Gail Honeyman: 'I didn't want Eleanor Oliphant to be portrayed as a victim'  | Fiction | The Guardian
A version of the book art commonly seen on UK bookshelves. The book sold really well in the US & UK.

This book was published in 2017 and admittedly I’ve heard a lot of hype around this book, so it’s been on my radar for quite a while (I would say about 2-3 years). But like with many things that gain a lot of chatter, I didn’t want to feel pressured into reading it because everyone else was, so I made a mental note to read it when the time was right. Nevertheless, expectations were high and I was excited to get stuck in and figure out what on Earth this book was about. The title doesn’t give away much and neither does the blurb so it is one of those ‘you have to read it for yourself’ type books, if you want to really understand the themes, characters and general storyline of the book. Please be warned that this book deals with themes of suicide, depression and emotional abuse.

The main point of intrigue for readers of this novel will be the series of events behind much of Eleanor’s trauma, although hinted at early on in the book, the details are slowly revealed later on.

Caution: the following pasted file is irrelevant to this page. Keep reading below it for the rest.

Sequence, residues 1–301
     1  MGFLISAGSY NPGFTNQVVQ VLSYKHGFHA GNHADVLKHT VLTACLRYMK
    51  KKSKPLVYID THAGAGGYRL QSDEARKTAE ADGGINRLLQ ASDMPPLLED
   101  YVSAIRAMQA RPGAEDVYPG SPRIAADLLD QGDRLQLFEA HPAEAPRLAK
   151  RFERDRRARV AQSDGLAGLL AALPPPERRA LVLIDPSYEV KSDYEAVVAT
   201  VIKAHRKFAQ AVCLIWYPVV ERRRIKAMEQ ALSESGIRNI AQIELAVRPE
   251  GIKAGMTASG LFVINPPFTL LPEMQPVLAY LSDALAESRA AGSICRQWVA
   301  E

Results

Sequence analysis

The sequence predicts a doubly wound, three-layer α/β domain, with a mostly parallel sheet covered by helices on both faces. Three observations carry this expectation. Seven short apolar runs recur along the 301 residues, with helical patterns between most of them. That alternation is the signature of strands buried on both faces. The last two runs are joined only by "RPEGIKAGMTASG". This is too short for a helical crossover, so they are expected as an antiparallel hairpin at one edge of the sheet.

Style

The novel is narrated in first person (from Eleanor’s perspective) and is split into three parts; Good days, bad days and better days. I found the choice of first-person narrative to be very beneficial to me as the reader, since Eleanor seems to observe the world, as well as the situations and people she encounters, in a unique and profound way that would be lost in, say, third person, for example. In particular, I loved how it made me feel like I was in her therapy sessions with her, as she went week after week – each session giving her a life-changing revelation.

Thoughts

My impressions upon reading are that I can see why this book captured the imagination of many readers when it was first released. Eleanor is a very quirky, and ultimately a likable character.* She tends to be very savvy, intelligent and kind-hearted; even if not obvious to those she meets at first, those character traits always come through or stand out to them by the end. Her colleagues, for example, find her peculiar and so tend to keep interactions with her to a minimum. Although the peculiarity may be an understandable first impression, Eleanor, as you grow to learn the more you get to know her, is a classic case of why appearances (and first impressions) can be deceiving.